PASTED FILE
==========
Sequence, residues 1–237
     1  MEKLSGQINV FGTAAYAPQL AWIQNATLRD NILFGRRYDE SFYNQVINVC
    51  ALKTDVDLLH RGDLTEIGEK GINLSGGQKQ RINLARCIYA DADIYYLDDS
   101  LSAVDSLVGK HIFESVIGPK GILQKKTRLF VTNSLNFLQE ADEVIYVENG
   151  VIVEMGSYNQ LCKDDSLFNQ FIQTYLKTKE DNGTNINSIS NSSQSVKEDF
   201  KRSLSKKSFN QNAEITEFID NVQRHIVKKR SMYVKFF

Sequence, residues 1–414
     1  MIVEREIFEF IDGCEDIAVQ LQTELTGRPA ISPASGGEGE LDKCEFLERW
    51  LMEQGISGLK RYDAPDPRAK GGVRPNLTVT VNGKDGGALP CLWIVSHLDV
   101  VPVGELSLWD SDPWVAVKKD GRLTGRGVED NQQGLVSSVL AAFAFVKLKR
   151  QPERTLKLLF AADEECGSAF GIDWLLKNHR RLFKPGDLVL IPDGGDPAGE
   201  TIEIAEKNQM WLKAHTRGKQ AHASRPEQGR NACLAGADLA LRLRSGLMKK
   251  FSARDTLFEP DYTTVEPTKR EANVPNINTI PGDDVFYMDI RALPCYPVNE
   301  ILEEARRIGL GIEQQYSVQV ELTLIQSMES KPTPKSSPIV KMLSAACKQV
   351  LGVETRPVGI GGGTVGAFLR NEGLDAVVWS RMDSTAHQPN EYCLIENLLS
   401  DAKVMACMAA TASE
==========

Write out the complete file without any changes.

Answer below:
Sequence, residues 1–237
     1  MEKLSGQINV FGTAAYAPQL AWIQNATLRD NILFGRRYDE SFYNQVINVC
    51  ALKTDVDLLH RGDLTEIGEK GINLSGGQKQ RINLARCIYA DADIYYLDDS
   101  LSAVDSLVGK HIFESVIGPK GILQKKTRLF VTNSLNFLQE ADEVIYVENG
   151  VIVEMGSYNQ LCKDDSLFNQ FIQTYLKTKE DNGTNINSIS NSSQSVKEDF
   201  KRSLSKKSFN QNAEITEFID NVQRHIVKKR SMYVKFF

Sequence, residues 1–414
     1  MIVEREIFEF IDGCEDIAVQ LQTELTGRPA ISPASGGEGE LDKCEFLERW
    51  LMEQGISGLK RYDAPDPRAK GGVRPNLTVT VNGKDGGALP CLWIVSHLDV
   101  VPVGELSLWD SDPWVAVKKD GRLTGRGVED NQQGLVSSVL AAFAFVKLKR
   151  QPERTLKLLF AADEECGSAF GIDWLLKNHR RLFKPGDLVL IPDGGDPAGE
   201  TIEIAEKNQM WLKAHTRGKQ AHASRPEQGR NACLAGADLA LRLRSGLMKK
   251  FSARDTLFEP DYTTVEPTKR EANVPNINTI PGDDVFYMDI RALPCYPVNE
   301  ILEEARRIGL GIEQQYSVQV ELTLIQSMES KPTPKSSPIV KMLSAACKQV
   351  LGVETRPVGI GGGTVGAFLR NEGLDAVVWS RMDSTAHQPN EYCLIENLLS
   401  DAKVMACMAA TASE